This is the tail end of our cat, Minky. Every morning he has a routine. Like all of us he likes to stick to his routine.
By all of us, I mean all of us who would prefer a routine, obviously some people prefer greater randomness. And of course, that’s totally OK.
Anyway, every morning he eats his breakfast, he comes upstairs to where we’re having coffee greets us, gets a little loving and then if the sun is out he’ll lay in the sun spot but because it’s not really Spring yet, the sun spot doesn’t last very long so then he immediately goes to the bed finds an entry point, a place where there’s just enough of the duvet lifting up where he can get his head underneath and he dives underneath until all of himself is covered except for maybe just a little bit of his tail. And there he stays for many hours.
We call him the Little Lump, a term of real affection, though it may not sound that way. But we love him very much.
And we appreciate that he does this every single day and it made me think about how as an introvert sometimes I just want to do the same thing.
Lots of you think that I’m super extroverted because I get up and go in front of people and talk, I teach, I hand outbusiness cards about my photography to people, and talk about climate change and so forth. But really what I prefer would be to be left alone in a vastly isolated and delicately beautiful place with my camera to research and contemplate and make images very quietly.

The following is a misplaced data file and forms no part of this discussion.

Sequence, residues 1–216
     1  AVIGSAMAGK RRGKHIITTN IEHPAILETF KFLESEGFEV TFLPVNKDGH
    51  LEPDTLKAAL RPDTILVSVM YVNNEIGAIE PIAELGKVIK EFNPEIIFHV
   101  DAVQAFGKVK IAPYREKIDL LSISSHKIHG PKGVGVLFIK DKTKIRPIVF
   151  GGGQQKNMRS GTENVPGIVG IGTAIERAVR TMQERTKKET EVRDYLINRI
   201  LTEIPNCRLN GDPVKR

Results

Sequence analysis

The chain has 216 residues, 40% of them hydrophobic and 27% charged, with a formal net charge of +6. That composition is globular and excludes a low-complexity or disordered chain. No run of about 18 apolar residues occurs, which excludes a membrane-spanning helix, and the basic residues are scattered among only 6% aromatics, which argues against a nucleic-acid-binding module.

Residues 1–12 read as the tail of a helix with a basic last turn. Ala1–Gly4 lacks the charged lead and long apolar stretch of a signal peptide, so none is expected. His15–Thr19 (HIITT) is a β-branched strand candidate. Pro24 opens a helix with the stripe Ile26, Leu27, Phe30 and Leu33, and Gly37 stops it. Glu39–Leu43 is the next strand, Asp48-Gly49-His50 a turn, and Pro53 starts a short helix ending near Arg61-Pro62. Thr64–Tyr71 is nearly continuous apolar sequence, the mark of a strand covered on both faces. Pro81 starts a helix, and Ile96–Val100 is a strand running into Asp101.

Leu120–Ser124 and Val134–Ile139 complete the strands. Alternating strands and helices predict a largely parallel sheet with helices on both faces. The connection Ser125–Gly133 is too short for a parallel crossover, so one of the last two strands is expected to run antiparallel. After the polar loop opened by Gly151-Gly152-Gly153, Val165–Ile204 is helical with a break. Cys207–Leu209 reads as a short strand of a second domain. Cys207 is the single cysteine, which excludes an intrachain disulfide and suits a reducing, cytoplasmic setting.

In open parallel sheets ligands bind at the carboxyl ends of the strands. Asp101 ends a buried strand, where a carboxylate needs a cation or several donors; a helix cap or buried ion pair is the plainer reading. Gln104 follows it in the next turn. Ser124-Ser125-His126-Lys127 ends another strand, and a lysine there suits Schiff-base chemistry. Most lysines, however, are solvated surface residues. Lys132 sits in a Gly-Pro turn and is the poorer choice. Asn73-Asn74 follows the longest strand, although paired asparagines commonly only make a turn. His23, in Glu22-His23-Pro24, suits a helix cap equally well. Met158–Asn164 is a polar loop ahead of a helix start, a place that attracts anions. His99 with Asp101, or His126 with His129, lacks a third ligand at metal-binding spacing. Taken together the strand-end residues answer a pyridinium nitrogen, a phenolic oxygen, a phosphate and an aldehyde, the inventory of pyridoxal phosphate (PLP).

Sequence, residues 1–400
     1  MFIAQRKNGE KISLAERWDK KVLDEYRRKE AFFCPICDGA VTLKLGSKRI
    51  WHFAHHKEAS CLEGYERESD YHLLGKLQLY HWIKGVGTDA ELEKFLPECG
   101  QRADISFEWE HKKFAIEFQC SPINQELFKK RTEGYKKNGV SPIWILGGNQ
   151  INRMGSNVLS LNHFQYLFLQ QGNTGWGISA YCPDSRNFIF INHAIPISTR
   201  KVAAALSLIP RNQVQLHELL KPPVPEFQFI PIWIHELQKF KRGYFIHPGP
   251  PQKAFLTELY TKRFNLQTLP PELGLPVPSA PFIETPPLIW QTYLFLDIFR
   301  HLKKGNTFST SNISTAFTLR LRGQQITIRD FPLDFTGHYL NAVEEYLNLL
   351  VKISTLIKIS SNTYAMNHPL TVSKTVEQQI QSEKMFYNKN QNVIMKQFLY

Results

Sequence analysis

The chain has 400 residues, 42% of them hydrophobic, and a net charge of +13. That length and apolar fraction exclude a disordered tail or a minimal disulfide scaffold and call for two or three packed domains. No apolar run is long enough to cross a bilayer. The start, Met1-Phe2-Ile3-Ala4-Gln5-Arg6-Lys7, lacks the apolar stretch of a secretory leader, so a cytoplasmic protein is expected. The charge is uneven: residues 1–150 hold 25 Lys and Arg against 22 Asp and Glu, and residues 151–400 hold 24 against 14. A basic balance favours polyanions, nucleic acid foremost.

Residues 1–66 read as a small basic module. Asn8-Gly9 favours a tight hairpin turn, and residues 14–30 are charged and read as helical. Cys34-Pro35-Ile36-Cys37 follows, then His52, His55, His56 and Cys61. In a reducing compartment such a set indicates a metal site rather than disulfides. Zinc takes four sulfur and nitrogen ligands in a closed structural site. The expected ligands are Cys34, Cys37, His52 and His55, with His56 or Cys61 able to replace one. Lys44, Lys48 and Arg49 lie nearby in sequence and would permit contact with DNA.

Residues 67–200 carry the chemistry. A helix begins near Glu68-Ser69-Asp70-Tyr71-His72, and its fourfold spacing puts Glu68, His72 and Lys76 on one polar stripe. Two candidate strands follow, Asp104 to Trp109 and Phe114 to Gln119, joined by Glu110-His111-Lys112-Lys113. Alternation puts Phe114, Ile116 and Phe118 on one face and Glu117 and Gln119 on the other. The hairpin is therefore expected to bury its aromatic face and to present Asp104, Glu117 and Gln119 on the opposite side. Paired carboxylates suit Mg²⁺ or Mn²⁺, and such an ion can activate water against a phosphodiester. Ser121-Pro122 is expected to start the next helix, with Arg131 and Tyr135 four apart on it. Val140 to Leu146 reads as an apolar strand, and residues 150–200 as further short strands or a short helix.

So, I understand as my cat does, the urge to crawl under a blanket and stay there.
However, I’m also quite aware of how important it is for each of us to do the work that really calls to us, the work that can help make the world a better place.
So this morning if you’re feeling like crawling under a blanket, I invite you to do that for a bit if that’s what you need. Please, go ahead.
But then come on out! the world needs your light. The world needs your purpose, your work. All of us can take a good rest under a nice blanket afterwards.
Thanks so much for stopping by and reading. Please, feel free to join the conversation by leaving a comment or sending me a message.
I’m reminded, in closing, of something my friend and teacher Jon Blaustein said, which is roughly this: that none of us ever gets where we’re going alone.
So today as I head out to do my work, I’ll be thinking of all of you.
I hope that we can come together across the globe help hold space for each other as we do the work that needs doing. This frequently requires bravery, risk-taking, a balance of wisdom and compassion and presents many challenges.
But we got this.
As we say in improv, got your back.